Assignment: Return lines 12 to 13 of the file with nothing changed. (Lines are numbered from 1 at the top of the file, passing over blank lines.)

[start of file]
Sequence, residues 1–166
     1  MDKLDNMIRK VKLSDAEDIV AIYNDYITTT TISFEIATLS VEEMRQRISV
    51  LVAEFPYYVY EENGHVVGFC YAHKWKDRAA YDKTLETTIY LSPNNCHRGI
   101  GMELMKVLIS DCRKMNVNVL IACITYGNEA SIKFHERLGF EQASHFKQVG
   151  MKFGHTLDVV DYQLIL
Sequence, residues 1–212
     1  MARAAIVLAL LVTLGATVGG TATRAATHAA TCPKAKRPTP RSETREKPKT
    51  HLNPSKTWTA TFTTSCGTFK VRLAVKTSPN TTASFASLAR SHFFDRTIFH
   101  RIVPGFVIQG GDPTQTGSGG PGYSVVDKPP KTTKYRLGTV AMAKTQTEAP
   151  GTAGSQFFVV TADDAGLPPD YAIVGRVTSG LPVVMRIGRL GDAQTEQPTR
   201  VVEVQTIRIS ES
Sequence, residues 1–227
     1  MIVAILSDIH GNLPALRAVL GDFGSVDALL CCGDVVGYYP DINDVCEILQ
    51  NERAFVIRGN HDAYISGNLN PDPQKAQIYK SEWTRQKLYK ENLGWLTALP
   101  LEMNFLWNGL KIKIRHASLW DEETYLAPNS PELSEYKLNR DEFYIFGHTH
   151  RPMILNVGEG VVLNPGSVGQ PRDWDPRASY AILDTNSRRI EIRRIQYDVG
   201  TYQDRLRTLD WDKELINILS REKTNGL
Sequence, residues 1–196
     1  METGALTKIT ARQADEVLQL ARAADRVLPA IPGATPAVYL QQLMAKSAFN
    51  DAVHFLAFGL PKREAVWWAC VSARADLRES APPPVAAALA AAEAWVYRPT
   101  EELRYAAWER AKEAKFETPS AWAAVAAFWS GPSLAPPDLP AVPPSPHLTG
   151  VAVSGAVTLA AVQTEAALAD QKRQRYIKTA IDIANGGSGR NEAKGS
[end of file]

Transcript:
Sequence, residues 1–227
     1  MIVAILSDIH GNLPALRAVL GDFGSVDALL CCGDVVGYYP DINDVCEILQ